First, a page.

Although they are frequently portrayed as cowardly animals, hyenas are bold pack hunters. They regularly steal kills from other predators, and they can threaten groups of lions.[3]

Depending on the region and the number of lions and spotted hyenas, either one may steal the other’s kills. 

Hyenas do sometimes wait for the lions to finish eating before eating the scraps and bones themselves.[4]

Lions and spotted hyenas are aggressive towards each other, even when they aren’t directly competing for food. Many hyenas die as a result of lion predation and hyenas also regularly mobb solitary lions or small groups.[5]

Lion cubs and juveniles are also targeted by hyenas.

2. African Wild Dogs

African Wild Dogs

African wild dogs (or painted dogs) are one of the lesser known African carnivores. They are social animals, with a complex pack social life and structure. They don’t pose a physical threat to lions (except for cubs) but they compete for prey. Lions are aggressive toward them and kill them when possible.

African wild dogs are the largest wild canines in Africa. Like wolves, the pack is at the center of their lives. They are exceedingly social animals.

NameAfrican wild / painted / hunting dog 
Scientific nameLycaon pictus
DistributionScattered throughout East Africa and southern Africa. Small populations in Central and West Africa.
Weight40 – 79 lbs
Bite Force320 psi

Despite their small size African wild dogs are vicious predators that can kill antelopes and even fight spotted hyenas. They use their pack hunting tactics to their advantage.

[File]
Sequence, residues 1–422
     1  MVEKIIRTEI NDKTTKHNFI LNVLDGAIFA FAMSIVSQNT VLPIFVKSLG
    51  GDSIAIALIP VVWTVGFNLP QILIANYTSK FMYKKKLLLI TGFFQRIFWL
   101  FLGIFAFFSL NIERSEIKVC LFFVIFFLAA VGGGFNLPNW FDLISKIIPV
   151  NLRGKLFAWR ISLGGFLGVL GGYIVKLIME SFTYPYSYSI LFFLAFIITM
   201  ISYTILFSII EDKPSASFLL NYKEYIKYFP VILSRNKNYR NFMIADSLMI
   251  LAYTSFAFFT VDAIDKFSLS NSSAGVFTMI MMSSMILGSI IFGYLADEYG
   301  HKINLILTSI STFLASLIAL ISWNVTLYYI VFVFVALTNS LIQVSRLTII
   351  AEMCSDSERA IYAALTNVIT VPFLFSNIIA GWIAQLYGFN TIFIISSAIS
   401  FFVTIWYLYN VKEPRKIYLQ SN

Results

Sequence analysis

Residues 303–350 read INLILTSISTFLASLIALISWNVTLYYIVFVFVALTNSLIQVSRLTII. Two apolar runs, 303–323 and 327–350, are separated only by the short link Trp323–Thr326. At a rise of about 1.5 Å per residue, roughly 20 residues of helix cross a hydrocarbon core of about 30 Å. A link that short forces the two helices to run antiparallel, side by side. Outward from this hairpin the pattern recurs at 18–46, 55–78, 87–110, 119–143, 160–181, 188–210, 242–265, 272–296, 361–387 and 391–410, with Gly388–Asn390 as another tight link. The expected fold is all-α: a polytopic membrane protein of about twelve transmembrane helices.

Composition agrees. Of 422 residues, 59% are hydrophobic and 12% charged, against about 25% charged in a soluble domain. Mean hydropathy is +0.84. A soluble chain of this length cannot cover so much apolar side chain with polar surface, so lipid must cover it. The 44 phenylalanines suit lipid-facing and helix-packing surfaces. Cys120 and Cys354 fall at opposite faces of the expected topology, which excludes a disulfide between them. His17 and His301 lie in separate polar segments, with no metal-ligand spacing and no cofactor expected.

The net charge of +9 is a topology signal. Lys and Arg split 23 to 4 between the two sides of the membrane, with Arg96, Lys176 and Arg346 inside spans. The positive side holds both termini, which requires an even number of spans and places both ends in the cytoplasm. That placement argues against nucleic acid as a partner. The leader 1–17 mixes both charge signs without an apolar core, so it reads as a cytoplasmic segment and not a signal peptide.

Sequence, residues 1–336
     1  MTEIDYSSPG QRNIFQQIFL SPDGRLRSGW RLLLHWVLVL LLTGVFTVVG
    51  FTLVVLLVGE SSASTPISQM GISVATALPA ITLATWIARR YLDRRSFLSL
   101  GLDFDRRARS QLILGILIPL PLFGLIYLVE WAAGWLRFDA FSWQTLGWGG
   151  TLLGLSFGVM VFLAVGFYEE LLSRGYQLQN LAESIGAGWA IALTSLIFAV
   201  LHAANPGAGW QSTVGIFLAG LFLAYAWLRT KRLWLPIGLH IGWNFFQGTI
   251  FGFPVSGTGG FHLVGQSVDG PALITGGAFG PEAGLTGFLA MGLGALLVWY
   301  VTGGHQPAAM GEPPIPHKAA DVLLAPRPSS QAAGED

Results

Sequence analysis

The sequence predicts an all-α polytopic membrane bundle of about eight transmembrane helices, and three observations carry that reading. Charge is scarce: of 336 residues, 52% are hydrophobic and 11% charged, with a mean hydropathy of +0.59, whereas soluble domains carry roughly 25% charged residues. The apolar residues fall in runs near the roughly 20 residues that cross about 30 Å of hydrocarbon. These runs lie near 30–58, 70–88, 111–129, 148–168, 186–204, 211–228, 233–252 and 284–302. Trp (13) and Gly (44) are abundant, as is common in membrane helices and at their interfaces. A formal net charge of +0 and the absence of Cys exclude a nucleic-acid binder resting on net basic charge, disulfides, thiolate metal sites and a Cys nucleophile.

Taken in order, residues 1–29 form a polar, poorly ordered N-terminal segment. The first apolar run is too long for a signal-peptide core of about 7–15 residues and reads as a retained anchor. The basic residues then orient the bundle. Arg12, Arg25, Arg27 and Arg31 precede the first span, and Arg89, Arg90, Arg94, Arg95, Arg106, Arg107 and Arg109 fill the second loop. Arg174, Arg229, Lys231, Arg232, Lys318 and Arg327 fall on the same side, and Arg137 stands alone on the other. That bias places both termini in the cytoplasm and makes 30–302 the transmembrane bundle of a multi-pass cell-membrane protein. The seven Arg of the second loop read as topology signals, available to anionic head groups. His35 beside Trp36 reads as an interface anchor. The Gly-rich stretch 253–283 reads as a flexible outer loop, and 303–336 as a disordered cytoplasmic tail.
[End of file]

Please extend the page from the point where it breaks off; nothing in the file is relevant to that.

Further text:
The main driving factor behind lion and wild dog conflicts is competition for prey. The larger and stronger lions can easily kill wild dogs and frequently do so. 

Lions generally don’t eat the dogs but kill them to minimize competition. Wild dog populations are negatively affected by the presence of lions.[6][7]

African wild dogs can kill juvenile and old or injured lions. They were recorded killing old lions and they have defended pack members from lion attacks.[8][9]

3. Crocodiles

Saltwater Crocodile

Crocodiles are apex predators, much like lions. They compete for prey, both of them consuming large mammals. Lions and Nile crocodiles can regularly come into conflict with each other around the lakes, rivers, and wetlands of sub-Saharan Africa.

Crocodiles rival lions in killing power and efficiency. Although their hunting and killing tactics are fairly different both of them can kill large prey.

NameNile crocodile
Scientific nameCrocodylus niloticus
DistributionMost of sub-Saharan Africa excepting parts of southwestern Africa.
Weight400 – 1000 lbs
Bite Force3000 – 5000 psi

Nile crocodiles are massive and more than able to kill large animals. Depending on which is larger, both lions and crocs can win fights. Lions don’t stand much of a chance in the water though.

It’s not a usual occurrence and most conflicts revolve around claiming a carcass from the other, which usually results in a sort of tug-of-war.[10][11]

4. Other Lions